6.4 Infection in the newborn
Infection is common in newborn babies and neonatal infection is one of the major causes of their deaths.
Can you remember (e.g. from Study Session 1) why there is a higher risk of infection in newborns than in older children or adults?
A key reason is the immaturity of the newborn’s immune system, which takes several months after birth to develop sufficiently to give much protection from infection.
PROM was the subject of Study Session 17 in the Antenatal Care Module; prolonged or obstructed labour was covered in Study Session 9 of the Labour and Delivery Care Module.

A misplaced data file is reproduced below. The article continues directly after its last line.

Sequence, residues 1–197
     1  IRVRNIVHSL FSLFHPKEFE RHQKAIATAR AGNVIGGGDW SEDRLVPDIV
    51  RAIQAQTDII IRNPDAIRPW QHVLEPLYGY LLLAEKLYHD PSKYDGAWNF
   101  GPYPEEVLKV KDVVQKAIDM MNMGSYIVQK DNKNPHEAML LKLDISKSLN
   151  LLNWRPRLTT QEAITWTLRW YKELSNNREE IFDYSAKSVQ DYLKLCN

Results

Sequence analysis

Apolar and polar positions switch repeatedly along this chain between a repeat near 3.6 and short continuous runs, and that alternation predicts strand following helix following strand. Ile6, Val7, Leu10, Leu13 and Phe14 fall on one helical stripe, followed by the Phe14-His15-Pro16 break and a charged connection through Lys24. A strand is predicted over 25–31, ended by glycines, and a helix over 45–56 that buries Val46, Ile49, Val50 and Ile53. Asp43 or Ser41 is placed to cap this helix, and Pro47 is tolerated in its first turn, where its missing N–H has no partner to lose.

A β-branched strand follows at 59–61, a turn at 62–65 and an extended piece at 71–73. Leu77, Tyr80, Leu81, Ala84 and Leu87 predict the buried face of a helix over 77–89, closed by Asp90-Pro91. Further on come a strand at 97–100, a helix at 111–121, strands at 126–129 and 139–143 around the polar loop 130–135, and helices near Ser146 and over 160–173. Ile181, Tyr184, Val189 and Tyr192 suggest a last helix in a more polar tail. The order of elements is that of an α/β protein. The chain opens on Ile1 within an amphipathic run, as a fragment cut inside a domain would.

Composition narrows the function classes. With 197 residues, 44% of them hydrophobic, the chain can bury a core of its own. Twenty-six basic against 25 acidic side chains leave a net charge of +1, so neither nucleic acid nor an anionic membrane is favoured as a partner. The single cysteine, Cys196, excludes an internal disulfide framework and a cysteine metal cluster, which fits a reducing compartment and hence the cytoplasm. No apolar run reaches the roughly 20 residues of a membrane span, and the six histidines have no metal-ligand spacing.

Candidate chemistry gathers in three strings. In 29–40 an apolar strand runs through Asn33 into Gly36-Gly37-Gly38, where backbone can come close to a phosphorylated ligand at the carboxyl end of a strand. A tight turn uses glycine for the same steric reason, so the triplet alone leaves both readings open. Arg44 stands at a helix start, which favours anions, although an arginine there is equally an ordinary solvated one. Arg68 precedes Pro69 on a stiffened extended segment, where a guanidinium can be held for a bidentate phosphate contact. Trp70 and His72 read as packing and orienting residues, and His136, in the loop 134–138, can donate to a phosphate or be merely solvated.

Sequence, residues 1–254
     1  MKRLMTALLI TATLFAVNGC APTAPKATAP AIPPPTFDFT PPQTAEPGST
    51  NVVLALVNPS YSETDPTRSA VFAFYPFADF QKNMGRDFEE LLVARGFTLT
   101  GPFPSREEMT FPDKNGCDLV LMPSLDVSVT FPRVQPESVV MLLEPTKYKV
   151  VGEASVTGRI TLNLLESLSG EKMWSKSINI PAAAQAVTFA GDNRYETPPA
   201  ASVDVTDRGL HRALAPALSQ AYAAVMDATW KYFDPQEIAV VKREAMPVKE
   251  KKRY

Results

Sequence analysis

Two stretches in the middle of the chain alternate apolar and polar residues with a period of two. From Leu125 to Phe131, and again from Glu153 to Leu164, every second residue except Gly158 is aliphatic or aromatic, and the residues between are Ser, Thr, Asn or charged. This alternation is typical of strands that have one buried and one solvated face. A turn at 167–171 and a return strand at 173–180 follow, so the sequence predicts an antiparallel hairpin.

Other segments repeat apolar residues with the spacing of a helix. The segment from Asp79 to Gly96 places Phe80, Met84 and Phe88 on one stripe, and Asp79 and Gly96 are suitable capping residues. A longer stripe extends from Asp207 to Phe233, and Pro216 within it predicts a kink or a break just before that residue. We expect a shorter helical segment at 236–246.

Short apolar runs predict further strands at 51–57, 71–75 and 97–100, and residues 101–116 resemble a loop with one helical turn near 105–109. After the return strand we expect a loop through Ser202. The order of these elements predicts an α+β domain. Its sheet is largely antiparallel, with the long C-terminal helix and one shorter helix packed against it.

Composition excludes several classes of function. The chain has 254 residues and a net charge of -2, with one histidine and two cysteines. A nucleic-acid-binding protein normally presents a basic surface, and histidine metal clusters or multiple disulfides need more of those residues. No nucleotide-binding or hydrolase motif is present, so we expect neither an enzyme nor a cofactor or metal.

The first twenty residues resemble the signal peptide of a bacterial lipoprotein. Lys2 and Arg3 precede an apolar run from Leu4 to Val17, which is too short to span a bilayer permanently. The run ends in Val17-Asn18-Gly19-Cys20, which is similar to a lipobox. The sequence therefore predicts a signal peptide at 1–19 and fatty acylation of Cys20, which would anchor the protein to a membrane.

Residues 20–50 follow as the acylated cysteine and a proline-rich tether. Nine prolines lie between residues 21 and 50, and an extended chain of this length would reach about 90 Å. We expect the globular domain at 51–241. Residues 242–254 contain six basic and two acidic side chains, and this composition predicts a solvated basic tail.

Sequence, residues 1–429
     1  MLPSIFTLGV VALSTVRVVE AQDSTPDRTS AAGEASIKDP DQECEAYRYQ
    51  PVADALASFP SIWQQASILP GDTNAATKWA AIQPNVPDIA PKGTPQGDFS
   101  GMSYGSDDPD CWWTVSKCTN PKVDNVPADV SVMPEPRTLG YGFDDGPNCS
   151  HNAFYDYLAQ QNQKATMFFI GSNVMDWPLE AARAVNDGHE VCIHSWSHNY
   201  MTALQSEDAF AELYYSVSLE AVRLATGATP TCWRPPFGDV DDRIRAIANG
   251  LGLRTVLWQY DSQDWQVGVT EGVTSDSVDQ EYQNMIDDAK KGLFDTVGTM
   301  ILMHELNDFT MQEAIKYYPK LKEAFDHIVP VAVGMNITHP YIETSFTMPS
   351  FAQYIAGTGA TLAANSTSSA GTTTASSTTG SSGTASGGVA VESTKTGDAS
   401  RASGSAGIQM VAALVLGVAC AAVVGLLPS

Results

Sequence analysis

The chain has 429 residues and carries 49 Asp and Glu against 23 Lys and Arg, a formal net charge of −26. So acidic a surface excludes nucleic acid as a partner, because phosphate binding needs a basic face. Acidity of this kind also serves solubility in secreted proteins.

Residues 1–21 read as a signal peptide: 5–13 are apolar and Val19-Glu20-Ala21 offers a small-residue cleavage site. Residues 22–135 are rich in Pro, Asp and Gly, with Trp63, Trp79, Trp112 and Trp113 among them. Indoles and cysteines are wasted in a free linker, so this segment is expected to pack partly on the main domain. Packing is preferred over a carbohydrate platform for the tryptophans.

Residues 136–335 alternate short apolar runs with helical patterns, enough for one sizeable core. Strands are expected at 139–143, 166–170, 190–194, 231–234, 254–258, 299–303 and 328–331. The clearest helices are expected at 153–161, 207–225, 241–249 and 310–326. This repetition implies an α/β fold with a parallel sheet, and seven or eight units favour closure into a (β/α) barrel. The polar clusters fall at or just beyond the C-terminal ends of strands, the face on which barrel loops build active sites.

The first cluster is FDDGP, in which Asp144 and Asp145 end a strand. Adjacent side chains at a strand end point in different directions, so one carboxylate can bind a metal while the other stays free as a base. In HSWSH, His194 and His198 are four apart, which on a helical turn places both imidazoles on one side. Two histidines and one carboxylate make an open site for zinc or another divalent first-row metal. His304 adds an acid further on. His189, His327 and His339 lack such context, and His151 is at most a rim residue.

This means that newborns are especially vulnerable to exposure to infectious agents during pregnancy, delivery and in the home after the birth. The most common risk factors for newborn infection are prolonged premature rupture of the fetal membranes (PROM), prolonged labour or obstructed labour, and pre-existing lower genital tract infection in the mother. We first consider eye infections in newborns.